This is not the best time to move from East to West. The thought occurs to me as I sit in a British bank, at its Westminster branch no less, waiting to open my first UK account. The procedure takes two hours, stretched across two appointments over two days. In the same period of time, a bank in Singapore — my home for the past 20 years — would not only have set up an account, but offered the customer five credit cards and a housing loan. When international investors like Jim Rogers say Asia is the future because things just move faster there, there’s some truth in it.
I’ve come to London for postgraduate study. It was not the easiest decision to make, hauling myself, mid-career, from Asia to Europe. Especially when so many others are travelling in the other direction. In Singapore, it seemed that every day brought a new planeload of expats, many of them British, all looking for higher bonuses and lower taxes. Singapore, Hong Kong, Shanghai, Beijing — these are the destinations du jour. The West, so the story goes, is in terminal decline. The UK and US are deep in debt; the eurozone is imploding. ‘London is way past its prime,’ a Singaporean colleague warned me.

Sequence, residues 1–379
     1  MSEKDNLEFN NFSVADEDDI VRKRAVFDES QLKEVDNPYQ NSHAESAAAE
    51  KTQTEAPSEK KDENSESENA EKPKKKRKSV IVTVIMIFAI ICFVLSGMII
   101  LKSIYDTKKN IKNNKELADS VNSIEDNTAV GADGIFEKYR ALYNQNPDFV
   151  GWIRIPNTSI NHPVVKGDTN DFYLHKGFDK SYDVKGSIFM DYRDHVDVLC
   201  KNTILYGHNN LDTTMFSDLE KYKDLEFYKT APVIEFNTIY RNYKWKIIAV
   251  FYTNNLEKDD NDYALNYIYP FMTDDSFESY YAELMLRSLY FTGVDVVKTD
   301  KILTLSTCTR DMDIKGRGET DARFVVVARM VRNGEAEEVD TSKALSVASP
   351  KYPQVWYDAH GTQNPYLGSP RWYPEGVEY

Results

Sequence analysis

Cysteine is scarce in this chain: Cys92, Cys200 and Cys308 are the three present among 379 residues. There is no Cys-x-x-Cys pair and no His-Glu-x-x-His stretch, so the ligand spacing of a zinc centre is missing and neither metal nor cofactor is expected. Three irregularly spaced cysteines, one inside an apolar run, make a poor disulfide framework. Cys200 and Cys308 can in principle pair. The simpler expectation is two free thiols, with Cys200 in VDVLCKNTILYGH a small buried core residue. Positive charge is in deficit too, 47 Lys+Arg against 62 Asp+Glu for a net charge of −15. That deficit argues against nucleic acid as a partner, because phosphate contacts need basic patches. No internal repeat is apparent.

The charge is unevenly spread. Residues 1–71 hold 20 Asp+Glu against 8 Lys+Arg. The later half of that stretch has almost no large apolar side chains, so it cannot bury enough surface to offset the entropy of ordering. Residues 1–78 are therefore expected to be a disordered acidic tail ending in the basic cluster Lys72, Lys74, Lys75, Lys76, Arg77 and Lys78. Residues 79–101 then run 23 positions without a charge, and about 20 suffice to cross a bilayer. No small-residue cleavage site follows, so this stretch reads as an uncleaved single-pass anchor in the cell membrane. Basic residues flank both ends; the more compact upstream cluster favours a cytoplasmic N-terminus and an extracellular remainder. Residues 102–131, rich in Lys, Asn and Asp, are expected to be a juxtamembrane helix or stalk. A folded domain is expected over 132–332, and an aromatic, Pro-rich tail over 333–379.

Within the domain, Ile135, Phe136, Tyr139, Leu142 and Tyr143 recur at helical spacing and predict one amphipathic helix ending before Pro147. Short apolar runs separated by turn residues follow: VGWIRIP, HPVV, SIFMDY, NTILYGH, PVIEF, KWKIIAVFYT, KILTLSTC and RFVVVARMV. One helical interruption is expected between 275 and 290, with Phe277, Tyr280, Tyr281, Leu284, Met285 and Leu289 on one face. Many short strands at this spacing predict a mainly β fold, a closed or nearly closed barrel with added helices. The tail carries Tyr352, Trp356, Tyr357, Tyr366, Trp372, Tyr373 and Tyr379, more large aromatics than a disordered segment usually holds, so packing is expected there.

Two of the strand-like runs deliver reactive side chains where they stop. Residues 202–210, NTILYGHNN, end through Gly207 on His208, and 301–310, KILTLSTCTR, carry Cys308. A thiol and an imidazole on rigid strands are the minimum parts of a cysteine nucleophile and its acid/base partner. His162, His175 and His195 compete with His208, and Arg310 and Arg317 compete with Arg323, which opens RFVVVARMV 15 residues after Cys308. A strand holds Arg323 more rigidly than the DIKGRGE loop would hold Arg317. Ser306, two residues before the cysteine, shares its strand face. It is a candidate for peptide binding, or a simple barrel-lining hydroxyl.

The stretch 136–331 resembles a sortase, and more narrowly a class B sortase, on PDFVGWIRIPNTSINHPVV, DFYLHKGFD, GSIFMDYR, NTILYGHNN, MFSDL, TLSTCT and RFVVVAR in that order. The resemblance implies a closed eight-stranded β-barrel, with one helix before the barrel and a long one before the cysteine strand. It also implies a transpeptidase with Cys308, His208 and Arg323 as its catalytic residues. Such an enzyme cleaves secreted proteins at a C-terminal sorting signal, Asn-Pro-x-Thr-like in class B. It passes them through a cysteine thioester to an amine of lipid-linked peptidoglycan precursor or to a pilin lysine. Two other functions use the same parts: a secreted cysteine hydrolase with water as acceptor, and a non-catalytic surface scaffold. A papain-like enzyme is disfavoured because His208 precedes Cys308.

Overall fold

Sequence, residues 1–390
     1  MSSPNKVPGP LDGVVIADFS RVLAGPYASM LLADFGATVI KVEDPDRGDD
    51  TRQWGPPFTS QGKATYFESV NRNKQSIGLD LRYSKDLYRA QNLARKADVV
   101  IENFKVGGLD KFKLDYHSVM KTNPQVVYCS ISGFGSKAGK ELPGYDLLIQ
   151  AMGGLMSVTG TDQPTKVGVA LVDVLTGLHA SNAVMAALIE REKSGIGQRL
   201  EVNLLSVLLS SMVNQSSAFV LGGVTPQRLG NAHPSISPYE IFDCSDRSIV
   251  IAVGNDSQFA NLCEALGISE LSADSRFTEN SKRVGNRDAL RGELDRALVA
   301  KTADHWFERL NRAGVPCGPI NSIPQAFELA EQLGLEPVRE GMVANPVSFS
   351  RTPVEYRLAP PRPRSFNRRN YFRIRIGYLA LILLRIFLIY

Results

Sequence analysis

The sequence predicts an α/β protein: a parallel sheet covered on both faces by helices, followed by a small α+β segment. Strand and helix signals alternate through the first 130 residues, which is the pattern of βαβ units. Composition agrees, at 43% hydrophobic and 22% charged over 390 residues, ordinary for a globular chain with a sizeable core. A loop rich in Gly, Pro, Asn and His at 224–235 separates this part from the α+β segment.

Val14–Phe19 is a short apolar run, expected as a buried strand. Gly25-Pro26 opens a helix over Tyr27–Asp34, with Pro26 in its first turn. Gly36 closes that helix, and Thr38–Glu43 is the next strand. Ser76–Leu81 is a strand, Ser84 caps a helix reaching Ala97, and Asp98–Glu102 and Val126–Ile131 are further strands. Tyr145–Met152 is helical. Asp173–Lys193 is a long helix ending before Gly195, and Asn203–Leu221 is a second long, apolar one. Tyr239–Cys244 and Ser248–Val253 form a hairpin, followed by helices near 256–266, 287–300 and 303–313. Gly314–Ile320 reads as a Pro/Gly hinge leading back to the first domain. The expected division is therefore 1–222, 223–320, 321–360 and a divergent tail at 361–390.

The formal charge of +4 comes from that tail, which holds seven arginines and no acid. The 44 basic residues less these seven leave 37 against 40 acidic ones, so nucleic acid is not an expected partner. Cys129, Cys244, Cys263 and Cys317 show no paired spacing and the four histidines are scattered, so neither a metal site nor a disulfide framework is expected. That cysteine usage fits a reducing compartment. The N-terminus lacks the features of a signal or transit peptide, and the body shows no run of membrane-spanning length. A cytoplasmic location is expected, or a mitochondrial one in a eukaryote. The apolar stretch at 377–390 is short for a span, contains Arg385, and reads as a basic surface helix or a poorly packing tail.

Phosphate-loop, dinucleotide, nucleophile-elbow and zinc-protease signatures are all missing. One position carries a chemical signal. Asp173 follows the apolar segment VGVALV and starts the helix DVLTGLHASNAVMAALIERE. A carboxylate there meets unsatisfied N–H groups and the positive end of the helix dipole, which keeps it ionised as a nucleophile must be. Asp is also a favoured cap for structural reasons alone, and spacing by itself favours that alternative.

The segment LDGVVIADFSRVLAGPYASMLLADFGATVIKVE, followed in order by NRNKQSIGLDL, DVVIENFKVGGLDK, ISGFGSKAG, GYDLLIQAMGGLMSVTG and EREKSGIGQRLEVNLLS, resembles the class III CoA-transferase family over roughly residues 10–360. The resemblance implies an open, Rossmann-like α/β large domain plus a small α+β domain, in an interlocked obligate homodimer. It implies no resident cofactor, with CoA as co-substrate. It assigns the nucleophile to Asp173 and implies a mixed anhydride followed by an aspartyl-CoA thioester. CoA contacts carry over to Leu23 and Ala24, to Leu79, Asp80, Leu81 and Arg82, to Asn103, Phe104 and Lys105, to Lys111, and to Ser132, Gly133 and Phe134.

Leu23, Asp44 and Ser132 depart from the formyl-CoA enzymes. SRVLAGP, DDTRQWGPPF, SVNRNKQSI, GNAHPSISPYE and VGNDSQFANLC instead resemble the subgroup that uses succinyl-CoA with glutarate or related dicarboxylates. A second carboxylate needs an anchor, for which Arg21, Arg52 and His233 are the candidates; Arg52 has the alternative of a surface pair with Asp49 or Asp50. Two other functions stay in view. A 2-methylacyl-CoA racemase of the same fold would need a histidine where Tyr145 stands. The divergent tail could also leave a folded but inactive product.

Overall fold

But if we made all our choices based on economic indicators, life would be truly poor. It’s not a fashionable thing to say, with the new pride and new money that’s sweeping across Asia, but I’ve come to Britain because I find it one of the most inspiring nations on earth. I like the culture and the way of life, and I find the British sense of humour a national asset like no other.